Bunny Tears: The Ingredient of Testing

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This is Lola, she is an albino New zealand rabbit breed. This breed is mostly used for testing and research. Do not let the likes of Lola live and die brutally for vanity, when so many cruelty free options exist.

Rabbits like Lola are intensively farmed then sold to the lab, where they endure extreme and painful testing and sometimes live dissection. They are then killed.

Cosmetic Testing - the Ingredient of tears

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Many beauty products including hair products, dyes and makeup have a reputation of being very high-end, “good quality” brands which many people instantly gravitate towards because of their well-known brand name. What a large majority of people are blind to, is the fact that those products often test their products on animals to observe any of the detrimental side effects that may arise before being allowed for human use.

In most cases the animals—usually albino rabbits are bred for the lab in factory farms. They are then sold to labs, where they are often housed in isolation, in bare, wire cages without sufficient space to move or environmental enrichment.

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The Draize test involves applying an amount of the substance under study to an animal’s eye or skin for several hours, and then observing whether or not irritation occurs over the following week or two. Test animals are then put to death in a brutal manner of cervical dislocation after the sometimes maiming and often painful test.

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Those tests cause extreme discomfort and pain to the animals involved. Rabbits are very fragile animals and usually live in groups. Under stress they seek comfort in one another as can be seen in this lab condition. This is however not permitted, and they are all individually isolated for testing.

In the eye version of the Draize test, rabbits are placed in restraining stocks and their eyelids are held open with clips—in some cases for days at a time—to keep them from blinking away the test solutions.

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Rabbits have no tear ducts so, unlike humans, they can’t cry out harmful substances from their eye. This means that in the Draize eye test the rabbit’s eye is exposed to more of the test chemical for longer periods, which is one of the main reasons why rabbits are chosen for this procedure.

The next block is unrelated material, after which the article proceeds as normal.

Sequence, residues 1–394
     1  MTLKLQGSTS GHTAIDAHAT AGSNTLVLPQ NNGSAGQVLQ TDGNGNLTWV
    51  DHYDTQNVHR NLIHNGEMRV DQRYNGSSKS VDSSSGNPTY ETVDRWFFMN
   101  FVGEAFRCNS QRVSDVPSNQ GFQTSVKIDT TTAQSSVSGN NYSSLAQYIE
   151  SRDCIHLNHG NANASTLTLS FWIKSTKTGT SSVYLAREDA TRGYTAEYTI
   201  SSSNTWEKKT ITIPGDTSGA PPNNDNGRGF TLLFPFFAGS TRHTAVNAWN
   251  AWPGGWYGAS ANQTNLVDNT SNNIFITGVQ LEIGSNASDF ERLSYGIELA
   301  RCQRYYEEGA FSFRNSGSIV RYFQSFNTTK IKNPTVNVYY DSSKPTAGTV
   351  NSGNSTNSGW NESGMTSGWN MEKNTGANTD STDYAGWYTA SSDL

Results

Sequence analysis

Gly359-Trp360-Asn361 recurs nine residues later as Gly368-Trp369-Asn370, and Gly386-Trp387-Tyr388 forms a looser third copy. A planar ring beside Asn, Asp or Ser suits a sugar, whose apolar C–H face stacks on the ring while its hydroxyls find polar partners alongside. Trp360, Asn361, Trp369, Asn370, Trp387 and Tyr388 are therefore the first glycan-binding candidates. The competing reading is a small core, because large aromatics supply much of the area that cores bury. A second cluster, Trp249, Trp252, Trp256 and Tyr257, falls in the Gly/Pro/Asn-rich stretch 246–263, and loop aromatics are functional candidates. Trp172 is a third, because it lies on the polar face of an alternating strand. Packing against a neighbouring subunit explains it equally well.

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They are used in the Draize Eye and Skin tests which were developed in the 1940s. These tests are still used today by some companies, such as L’Oreal and Revlon.

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The skin test involves shaving a part of the rabbit’s body and applying a test substance to their skin. The site is covered with a gauze patch for up to four hours, after which the patch is removed and the remaining substance wiped away. A wound is allowed to develop at the site for up to 14 days, and the degree of skin damage is then assessed. A chemical is considered to be an irritant if it causes reversible skin lesions, such as inflammation, that heal partially or totally by the end of the observation period.

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The test may cause rabbits to suffer from inflamed skin, ulcers, bleeding, and bloody scabs. There is no requirement that animals be provided with pain-relieving drugs during this prolonged process.

Animal-based skin irritation studies have never been properly validated.

The Johns Hopkins Center for Alternatives to Animal Testing, has been leading the way in raising  awareness among consumers and within the cosmetics industry about how harsh and inhumane the Draize Test could be for its unwitting subjects. According to their and their affiliate research university in Germany,  some of the leading non-animal tests are conducted on cell cultures, human and animal corneas from eye banks, corneal tissue cultures, and frozen corneas supplied by hospitals.

There are a great number of successful companies that are against animal testing, and use cruelty free products that have not been tested on animals. You can find more information at http://www.gocrueltyfree.org.

Click here for the Global leaping bunny shopping guide (pdf).

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You can help rabbits like Lola by pledging to go cruelty free.

Download our leaflet (A4 double sided) (pdf) and sample letter (word document) and distribute it to salons, shops or even friends that use animal tested products to raise their awareness and promote cruelty free products.